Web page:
Tag Archives: Anna Kendrick

Jonathan Levine’s 50/50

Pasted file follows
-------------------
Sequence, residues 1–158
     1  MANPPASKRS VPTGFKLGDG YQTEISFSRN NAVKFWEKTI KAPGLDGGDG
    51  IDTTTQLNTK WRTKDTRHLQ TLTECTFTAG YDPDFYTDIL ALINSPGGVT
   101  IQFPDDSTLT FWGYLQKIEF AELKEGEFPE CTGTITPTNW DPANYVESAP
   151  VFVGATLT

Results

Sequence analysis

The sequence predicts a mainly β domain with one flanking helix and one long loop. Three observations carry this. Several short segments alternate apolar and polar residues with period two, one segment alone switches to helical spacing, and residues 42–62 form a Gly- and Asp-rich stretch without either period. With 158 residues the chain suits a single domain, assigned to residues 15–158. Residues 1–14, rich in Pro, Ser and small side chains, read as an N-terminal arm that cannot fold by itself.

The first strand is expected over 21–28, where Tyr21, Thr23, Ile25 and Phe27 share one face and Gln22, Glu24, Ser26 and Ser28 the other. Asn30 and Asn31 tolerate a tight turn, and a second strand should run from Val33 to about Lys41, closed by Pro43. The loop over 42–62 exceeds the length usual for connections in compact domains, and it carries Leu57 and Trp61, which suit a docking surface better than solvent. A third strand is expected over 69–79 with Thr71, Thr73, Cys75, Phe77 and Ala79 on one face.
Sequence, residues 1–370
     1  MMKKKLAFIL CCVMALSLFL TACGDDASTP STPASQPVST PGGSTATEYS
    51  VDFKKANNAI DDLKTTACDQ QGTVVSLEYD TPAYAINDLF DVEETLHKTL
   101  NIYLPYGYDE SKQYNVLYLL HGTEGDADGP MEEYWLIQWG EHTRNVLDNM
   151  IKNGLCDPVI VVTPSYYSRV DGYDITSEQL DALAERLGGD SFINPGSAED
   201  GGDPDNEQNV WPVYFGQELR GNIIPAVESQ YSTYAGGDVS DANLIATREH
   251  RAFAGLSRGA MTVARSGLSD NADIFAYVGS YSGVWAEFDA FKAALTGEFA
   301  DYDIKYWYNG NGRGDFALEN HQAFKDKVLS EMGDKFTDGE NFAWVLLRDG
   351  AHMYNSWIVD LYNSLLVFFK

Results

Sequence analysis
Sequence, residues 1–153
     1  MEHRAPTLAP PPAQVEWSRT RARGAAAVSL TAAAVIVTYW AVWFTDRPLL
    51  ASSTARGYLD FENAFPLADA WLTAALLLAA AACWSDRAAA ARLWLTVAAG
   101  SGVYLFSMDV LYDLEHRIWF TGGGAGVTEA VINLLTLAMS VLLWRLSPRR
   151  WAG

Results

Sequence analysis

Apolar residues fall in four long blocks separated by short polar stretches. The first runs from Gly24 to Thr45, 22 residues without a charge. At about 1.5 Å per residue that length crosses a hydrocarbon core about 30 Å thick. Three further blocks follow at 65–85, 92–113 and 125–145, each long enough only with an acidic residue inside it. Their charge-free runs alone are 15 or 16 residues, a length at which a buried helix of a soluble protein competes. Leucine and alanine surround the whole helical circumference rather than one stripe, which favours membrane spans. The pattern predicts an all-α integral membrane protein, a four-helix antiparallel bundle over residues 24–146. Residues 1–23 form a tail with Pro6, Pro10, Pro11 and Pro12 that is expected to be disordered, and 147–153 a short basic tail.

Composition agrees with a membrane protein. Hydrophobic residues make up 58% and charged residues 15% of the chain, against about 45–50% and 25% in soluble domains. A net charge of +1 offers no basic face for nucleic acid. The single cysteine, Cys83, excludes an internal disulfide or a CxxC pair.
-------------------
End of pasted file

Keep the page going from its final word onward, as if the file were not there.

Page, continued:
If you’re going to make a film about something as heavy, upsetting and uncomfortable as cancer, you have to make it lighthearted and uplifting enough to contrast such a horrific phase of someone’s life, no matter the outcome of it. But you damn well better not make it too schmaltzy, syrupy or saccharine either because your audience will see right through it and tear your film to shreds. Honest, heartfelt, upfront and simple is the way to go and 50/50 hits the sweet spot squarely. It doesn’t hurt that it’s very closely based on a true story either, the script feels achingly authentic on both comedic and dramatic terms, both of which interplay with each other seamlessly and organically in the central relationship between Seth Rogen and Joseph Gordon Levitt, the latter of which is saddled with a rare and very scary cancer diagnosis at an age where no one should have to hear such news. The film explores the many relationships in his life beyond best friend, confidante and personal court jester Rogen. There’s his overwhelmed mother (Anjelica Huston) who he has a hard time loving or letting in, his intern therapist (Anna Kendrick, is there a lovelier girl on this planet?), his cold sociopathic girlfriend (Bryce Dallas Howard), two elderly buddies (Phillip Baker Hall & Matt Frewer) he gets quite close with during rounds of chemo and ultimately his relationship with himself, which might sound a tad cliche but during such an intense process one would have no choice but to look inward, evaluate one’s beliefs, feelings and augment perception accordingly. Levitt handles this expertly in a beautiful performance of love, righteous anger, kindness and refusal to give up, even when it seems like the easiest option. There are a few heart wrenching moments of brutal emotional honesty from the actors here and one gets a sense that no one, on either side of the camera, was willing to compromise this story to make it more ‘Hollywood accessible.’ Rogen is obviously the bawdy comic relief and is intermittently hilarious, but he finds a slow revealing emotional centre and gravity here I’ve never seen elsewhere in his work, he’s phenomenal. Kendrick is the sweetest girl in the world on camera and fills every frame she’s in with genuine charisma, mellow empathy and just a touch of adorable awkwardness, her and Levitt have chemistry that borders on transcendent. One doesn’t usually group ‘feel good films’ and ‘cancer films’ into the same category but this one is both for me, a life affirming, down to earth, honest piece that rings true with every rewatch.